Many corporate leaders appear to be seeing, for the first time amid this year's civil rights movement and pandemic, "that these aren't isolated incidents," Dorsey says. "This is the fundamental way in which Black and brown people and other underrepresented groups are treated very poorly in this country. And the practices within the workplace are just as egregious, if not even more, because you're wielding this power of people's economic mobility."

Growing up in Seattle, Dorsey inherited an early interest in technology from her grandfather, Jerry Dorsey III, who moved here from Detroit in the 1970s to work at Boeing and later was a camera operator at KING 5. A builder and technologist, he made sure Dorsey and her cousins had computers in their homes. She remembers playing around with MS Paint and solitaire and making business cards for early entrepreneurial ventures selling jewelry to family friends.

Her mom, Kikora Dorsey, steered her toward the Technology Access Foundation (TAF), a program begun in 1996. It connected her with internships at Microsoft each summer of her high school years at Franklin. Those added to the coding, server administration and business skills she was building through TAF's after-school classes, hosted at the time in a Central District storefront.

Dorsey says that through TAF, she gained exposure to the tech industry in ways many of her peers did not.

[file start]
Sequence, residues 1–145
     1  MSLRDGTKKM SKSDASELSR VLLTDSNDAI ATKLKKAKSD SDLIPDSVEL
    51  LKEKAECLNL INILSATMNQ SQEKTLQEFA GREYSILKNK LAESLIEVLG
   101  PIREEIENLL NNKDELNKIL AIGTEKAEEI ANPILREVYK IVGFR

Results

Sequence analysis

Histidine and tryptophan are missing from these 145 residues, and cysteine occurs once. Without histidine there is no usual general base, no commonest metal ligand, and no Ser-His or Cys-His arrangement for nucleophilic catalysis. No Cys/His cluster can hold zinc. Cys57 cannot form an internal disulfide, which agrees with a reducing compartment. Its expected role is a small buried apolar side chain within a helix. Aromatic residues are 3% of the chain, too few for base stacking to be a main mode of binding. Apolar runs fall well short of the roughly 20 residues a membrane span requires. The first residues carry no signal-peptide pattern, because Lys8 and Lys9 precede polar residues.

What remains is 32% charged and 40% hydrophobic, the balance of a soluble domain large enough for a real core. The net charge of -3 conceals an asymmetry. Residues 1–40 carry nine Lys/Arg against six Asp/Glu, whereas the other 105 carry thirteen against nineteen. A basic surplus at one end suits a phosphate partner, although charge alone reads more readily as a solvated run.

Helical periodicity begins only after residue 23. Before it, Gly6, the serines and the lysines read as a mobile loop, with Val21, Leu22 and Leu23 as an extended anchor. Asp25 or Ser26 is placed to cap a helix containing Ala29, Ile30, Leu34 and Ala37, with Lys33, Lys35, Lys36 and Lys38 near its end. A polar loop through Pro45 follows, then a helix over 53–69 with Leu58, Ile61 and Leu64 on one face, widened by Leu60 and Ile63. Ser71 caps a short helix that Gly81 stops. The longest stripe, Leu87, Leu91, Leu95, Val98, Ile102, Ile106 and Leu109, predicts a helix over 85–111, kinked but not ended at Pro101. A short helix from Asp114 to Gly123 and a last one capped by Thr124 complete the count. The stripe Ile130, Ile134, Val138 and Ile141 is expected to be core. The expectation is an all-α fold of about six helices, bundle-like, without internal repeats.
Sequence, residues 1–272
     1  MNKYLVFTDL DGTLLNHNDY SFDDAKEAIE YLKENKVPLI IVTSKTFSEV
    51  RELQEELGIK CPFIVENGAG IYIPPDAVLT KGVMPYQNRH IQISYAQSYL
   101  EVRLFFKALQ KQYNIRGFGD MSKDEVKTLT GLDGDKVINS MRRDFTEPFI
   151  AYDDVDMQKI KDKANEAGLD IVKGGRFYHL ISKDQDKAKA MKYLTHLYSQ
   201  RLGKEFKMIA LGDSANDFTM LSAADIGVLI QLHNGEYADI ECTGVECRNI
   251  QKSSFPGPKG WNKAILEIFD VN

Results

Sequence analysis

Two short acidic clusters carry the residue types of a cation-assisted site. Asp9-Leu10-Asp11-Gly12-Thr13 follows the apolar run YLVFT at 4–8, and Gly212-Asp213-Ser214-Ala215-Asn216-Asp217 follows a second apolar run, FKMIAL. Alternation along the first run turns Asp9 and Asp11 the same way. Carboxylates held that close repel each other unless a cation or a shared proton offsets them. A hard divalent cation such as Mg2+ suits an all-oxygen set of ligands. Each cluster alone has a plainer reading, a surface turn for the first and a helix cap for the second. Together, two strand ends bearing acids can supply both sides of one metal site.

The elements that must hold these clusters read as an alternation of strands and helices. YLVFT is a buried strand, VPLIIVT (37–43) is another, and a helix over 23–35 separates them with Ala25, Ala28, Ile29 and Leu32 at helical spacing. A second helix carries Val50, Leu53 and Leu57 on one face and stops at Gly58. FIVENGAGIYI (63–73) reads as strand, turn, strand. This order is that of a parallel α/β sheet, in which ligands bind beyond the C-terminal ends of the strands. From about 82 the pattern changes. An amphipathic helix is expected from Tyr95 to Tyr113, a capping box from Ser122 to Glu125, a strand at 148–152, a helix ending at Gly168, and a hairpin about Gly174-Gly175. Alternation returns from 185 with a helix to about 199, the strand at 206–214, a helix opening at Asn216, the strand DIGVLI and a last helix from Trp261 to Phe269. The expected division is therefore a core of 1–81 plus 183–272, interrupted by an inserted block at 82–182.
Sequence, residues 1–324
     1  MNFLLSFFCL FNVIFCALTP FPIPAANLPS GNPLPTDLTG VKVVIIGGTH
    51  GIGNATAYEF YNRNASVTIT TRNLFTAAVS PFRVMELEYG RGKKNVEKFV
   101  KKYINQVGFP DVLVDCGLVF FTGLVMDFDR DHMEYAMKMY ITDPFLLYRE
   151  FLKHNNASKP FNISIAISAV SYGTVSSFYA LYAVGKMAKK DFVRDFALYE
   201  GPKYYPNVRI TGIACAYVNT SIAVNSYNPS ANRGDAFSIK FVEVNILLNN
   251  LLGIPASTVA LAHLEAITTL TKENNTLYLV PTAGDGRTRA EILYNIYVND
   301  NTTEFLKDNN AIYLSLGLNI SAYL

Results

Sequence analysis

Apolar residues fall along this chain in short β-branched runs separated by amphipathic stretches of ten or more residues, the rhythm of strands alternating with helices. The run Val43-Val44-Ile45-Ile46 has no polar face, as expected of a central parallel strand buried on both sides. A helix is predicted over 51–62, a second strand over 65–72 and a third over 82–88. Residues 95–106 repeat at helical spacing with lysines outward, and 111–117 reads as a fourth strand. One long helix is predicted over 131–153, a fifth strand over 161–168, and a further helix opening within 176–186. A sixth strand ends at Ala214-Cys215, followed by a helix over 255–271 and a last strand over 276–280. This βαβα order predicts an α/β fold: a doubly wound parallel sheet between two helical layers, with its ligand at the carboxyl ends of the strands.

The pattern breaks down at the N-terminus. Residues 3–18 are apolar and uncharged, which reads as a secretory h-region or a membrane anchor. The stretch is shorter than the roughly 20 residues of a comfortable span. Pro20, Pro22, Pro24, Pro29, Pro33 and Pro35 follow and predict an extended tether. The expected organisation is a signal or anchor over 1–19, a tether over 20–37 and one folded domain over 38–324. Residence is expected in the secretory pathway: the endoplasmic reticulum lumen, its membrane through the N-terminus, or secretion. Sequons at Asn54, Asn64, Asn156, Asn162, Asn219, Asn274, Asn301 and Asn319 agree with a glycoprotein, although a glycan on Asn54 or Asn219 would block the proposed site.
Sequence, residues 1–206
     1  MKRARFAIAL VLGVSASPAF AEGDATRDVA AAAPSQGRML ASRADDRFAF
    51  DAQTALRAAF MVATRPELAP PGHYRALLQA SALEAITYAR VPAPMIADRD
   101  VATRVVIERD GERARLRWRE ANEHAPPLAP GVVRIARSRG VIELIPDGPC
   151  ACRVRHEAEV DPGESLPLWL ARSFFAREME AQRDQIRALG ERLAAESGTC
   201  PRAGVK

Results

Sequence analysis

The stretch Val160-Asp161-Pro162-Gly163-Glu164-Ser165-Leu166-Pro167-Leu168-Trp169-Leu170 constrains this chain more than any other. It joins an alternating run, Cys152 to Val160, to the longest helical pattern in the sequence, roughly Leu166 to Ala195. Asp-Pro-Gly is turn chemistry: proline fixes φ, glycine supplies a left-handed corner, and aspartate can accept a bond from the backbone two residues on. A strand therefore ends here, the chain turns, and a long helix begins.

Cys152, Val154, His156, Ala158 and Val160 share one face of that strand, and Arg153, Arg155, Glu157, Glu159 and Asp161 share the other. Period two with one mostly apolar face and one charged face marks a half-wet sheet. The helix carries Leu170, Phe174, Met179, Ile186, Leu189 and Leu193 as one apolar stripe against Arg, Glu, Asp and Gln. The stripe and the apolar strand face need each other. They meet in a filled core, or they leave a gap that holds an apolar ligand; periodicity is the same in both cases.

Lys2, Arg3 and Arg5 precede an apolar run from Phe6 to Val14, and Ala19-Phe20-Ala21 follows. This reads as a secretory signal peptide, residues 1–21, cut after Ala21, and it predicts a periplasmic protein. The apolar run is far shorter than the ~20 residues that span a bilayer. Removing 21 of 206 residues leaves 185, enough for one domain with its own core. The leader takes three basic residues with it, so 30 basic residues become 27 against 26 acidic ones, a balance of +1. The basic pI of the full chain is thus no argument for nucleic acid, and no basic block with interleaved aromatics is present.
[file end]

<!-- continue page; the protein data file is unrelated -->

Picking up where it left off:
In 2005, she left for college at the Fashion Institute of Technology in New York City with a scholarship from Blacks at Microsoft, a company-sponsored employee resource group founded in 1989, and a growing network of mentors and supporters, including Black people and women.

"That really helped me define how I saw myself in the industry," Dorsey says.

But she rarely saw herself or coverage of underrepresented groups in news coverage of tech, which, like the industry itself and journalism more broadly, has been dominated by white men.

TAF co-founder and Executive Director Trish Millines Dziko said that when there was coverage, it often took the tone of, "Oh look at this unicorn. Amazing, this Black person made it this far."

Shortly after college, Dorsey started pitching stories about Black people in tech and startups to publications including Fast Company and Black Enterprise -- among the oldest and largest media companies focused on business from a Black perspective. But tech publications seemed uninterested in regular coverage beyond one-off stories, a shortcoming she analyzed in a piece last year for Columbia Journalism Review.

Dorsey began The Plug in the spring of 2016 as a "labor of love," putting together a daily newsletter in the early morning hours before going to work at her day job as a contract sales representative for Google Fiber in Charlotte, North Carolina. At the same time, she founded BLKTECH Interactive, an innovation hub bringing together technologists and entrepreneurs of color in North Carolina.